The evening was part social, part fund-raiser and the occasion when Murray and Diane Hogarth the Philanthropists of the year were celebrated and honoured for what they have given back to the community.

This wasn’t an occasion to take name of identify the “usual suspects” but a time to catch people in an environment they are comfortable in. Deals and conversations are always part of the social mix.

The Burlington Community Foundation is an organization that works on several levels for the city.  Besides holding a boffo ball – it has a structure that serves the people who want to donate some of the wealth and their talent to the community.  The Hogarth’s are the first couple recognized as philanthropists in Burlington and they are the fourth to be so honoured.  Predecessors were: Don Smith, Kevin Brady, Doug Leggat and now Diana and Murray Hogarth.

The Foundation collaborates with individuals and corporations to build endowments, give grants and connect community leadership.  There are currently more than 55 funds overseen by the Foundation with Donour Designated, Donour Advised, specific fields of interest; scholarship based and unrestricted funds.

Philanthropy is not just people giving money – it is service to the community where talent is as relevant as the size of the cheque that might be written.

Each year the Foundation produces a Vital Signs report setting out where the city is on a number of different socio-economic levels and highlighting areas of specific concern to the community.

That is a great smile!

Mental Health was highlighted as a very serious concern and one that will be given more attention through a Roundtable the Foundation will sponsor in the New Year.

There are other organizations that use the Foundation to distribute funds into the community.  The Halton Heros leave the funds they have raised with the Foundation and have the organization deliver the funds when there is a need.  The service allows an organization to focus on fund raising and not get bogged down with the investment and management of the funds raised.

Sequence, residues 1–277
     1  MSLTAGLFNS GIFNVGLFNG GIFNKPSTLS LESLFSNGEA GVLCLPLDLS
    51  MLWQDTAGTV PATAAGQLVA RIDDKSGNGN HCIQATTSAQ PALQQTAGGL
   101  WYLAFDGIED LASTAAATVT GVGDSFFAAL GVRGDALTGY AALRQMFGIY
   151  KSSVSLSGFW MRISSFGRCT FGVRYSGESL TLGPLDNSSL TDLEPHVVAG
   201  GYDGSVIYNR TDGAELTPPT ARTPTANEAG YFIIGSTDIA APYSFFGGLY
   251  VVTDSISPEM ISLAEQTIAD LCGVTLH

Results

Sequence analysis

How two women can have a conversation and ignore a Bobby Orr sweater defied understanding – well male understanding anyway.

When it came to bidding for items it was clear this woman knew what she wanted.

Foundation Executive Director Collen Mullholland makes sure the event Patron Angelo Paletta stays on track

Fist full of dollars. One unique auction item was a high end purse stuffed with cask. The winning bidder got the purse and a tax receipt for the cash which went to the Foundation.

He needed just that much more – and the deal might have been done or perhaps it was just that much more for the golf ball to go into the hole. We will never know which.

A ball is a social event – where people spend as much time walking as they dancing and dining. Gives everyone a chance to check out the gowns as well.

You dance with the person who brought you – and dance they did.

Do the masques hid the beauty?

This wouldn’t be a Burlington organization if there wasn’t an invitational golf tournament as well. The Foundation distributes funds to an extensive list of organization including ArtHouse, Bay Area Restoration, Bruce Trail, Burlington Art Centre , Canadian Mental Health Association, Conservation Halton Foundation, Danielle’s Place, Easter Seals, Food for Life, Habitat for Humanity, Halton Food for Thought,  Reach Out Centre for Kids ROCK, , Start2Finish and the YMCA.